Clarification on Procedure Regarding Reasons Stated on Dismissal Letters

New Legislation Enacted

The labor reform plan of September 2017 sets forth a new procedure to clarify the grounds of dismissal letters after they have been sent to the employee. This procedure applies to either type of dismissals (whether on economic or personal grounds) and can be initiated by the employee or the employer, and provides for a 15-day period as of the date of notification of the letter for the employee to require a clarification on the reasons for the termination, or for the employer to provide it. If the employer wants to answer to the dismissed employee’s request, it must be done within 15 days after the request. All exchanges must be done by way of registered letters with acknowledgement of receipt, or delivered personally against receipt.

Company’s Rule Providing for Obligation of Neutrality Held Valid

Precedential Decision by Judiciary or Regulatory Agency

In a case involving the dismissal of an employee who refused to remove her headscarf while working, the Supreme Court recently held that the employer can enshrine, as a company or internal rule, an obligation of neutrality which prohibits employees to wear any visible political, philosophical or religious symbol in the workplace, as long as this general prohibition is only enforced on client-facing employees. If the employee refuses to conform to this rule when performing her work with the company’s clients, the employer must investigate whether it is possible to offer her a position with no client-facing duties. The employer can take into account the company’s business constraints and no additional burden must be created on the company as a result. If no such position is available, the employee may be lawfully dismissed.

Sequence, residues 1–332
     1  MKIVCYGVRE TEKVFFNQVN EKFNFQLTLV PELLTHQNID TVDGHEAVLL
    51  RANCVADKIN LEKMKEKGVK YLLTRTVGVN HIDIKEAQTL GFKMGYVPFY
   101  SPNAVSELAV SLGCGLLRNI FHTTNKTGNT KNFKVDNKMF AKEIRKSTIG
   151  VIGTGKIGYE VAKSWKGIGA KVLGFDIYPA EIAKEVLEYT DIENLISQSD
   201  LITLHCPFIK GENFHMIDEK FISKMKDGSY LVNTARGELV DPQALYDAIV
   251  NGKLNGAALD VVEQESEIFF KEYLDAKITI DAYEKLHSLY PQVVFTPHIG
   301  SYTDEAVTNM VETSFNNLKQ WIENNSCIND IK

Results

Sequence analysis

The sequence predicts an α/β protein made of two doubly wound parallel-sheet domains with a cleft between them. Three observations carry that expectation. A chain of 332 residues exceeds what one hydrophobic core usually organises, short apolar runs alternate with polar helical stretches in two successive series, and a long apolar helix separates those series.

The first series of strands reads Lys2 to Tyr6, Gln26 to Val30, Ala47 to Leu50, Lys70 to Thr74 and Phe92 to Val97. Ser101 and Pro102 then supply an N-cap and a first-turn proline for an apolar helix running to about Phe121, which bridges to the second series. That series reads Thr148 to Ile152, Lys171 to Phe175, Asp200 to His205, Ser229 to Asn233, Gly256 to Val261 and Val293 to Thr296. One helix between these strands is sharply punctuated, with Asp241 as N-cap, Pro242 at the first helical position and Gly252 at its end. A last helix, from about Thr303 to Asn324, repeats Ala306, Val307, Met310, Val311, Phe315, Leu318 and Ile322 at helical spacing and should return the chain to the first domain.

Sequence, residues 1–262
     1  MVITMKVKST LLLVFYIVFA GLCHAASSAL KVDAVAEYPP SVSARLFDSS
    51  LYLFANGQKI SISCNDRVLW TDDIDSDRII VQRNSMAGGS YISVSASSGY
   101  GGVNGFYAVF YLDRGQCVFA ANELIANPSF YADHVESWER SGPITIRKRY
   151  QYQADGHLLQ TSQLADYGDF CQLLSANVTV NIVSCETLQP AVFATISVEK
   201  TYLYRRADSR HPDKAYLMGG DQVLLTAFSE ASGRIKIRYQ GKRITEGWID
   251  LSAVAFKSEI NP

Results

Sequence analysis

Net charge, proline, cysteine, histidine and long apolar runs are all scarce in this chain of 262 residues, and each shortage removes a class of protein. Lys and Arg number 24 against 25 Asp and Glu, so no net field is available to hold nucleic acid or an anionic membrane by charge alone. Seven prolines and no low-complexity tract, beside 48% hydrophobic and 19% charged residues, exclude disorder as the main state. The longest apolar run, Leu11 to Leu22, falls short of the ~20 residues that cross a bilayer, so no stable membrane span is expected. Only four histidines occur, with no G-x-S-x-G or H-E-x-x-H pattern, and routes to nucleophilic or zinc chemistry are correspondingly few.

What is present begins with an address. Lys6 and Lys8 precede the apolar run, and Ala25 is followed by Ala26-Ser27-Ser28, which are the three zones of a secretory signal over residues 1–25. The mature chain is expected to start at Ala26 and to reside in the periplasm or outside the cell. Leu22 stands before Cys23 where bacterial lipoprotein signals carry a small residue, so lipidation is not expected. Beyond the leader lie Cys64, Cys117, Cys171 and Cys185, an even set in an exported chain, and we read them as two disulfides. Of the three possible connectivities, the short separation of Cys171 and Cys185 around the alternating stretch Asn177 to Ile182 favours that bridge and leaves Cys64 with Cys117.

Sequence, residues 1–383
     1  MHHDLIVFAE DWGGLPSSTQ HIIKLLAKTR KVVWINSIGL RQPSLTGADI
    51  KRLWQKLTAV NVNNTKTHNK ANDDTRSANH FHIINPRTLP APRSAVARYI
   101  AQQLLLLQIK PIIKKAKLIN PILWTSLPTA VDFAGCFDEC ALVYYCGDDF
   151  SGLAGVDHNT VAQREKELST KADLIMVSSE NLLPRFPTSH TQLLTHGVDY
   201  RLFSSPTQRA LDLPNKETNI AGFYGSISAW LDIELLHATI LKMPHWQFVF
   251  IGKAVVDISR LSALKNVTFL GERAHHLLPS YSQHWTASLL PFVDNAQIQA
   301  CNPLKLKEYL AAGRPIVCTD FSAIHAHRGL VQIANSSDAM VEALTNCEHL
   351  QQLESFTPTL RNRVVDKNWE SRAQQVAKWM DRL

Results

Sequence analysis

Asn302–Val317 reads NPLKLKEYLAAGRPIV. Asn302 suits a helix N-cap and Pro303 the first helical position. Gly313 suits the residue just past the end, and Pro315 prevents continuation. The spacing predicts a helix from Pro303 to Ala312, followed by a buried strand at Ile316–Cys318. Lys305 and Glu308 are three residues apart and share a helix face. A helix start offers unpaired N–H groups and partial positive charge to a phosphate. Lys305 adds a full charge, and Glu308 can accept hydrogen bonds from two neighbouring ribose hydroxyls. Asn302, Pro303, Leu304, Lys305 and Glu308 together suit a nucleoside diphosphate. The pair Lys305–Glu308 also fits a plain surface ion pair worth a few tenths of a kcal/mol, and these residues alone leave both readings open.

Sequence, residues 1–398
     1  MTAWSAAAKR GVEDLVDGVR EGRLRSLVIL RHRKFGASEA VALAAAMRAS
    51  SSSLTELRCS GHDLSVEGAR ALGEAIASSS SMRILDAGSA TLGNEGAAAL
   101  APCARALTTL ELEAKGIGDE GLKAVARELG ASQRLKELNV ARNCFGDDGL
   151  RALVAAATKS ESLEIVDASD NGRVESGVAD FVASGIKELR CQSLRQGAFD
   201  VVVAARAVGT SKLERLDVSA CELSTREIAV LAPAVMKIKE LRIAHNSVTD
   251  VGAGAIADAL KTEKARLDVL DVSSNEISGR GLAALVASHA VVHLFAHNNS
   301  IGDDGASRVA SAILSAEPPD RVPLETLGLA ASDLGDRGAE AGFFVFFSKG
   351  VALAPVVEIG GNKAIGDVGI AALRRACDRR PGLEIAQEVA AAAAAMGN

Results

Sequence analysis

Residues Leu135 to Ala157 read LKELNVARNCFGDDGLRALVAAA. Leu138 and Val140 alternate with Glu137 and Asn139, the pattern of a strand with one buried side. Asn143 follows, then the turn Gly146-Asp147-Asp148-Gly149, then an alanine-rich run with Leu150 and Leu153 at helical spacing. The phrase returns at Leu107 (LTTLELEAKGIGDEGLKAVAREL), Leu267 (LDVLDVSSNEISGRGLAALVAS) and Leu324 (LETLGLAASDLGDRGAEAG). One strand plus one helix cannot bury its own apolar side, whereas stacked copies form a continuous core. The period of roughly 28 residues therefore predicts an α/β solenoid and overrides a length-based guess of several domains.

Legality of Differences of Treatment

Precedential Decision by Judiciary or Regulatory Agency

Some collective bargaining agreements negotiated at a national industry level (such as cleaning, catering or private security companies) provide an automatic transfer of existing employment contracts in case of loss of market (out of the scope of statutory TUPE rules). In such situations, the company that wins the market must hire employees of the company that lost the market, offering to keep the salary level intact for these transferred employees. On November 30, 2017, the French Supreme Court ruled that it is justified and not an unfair inequality to have different salaries for transferred employees and former employees of the company.

The Right to Make a Mistake Before the French Administration

Proposed Bill or Initiative

A Bill introduced before the National Assembly on November 27, 2017, seeks to acknowledge the right to make a mistake that resulted in a person’s or entity’s first involuntary breach of a rule. As proposed, if the mistake is rectified, on the person’s or entity’s own initiative or after being invited to do so, no administrative financial fine would be imposed, except if bad faith is proven. This would apply to employers who, in good faith, breach the French labor code (regarding wage payment, etc.), the CBA, or health and safety rules. The Bill also institutes a mediation procedure. This new system aims to prevent litigations that can be long and costly for both employers and the administration.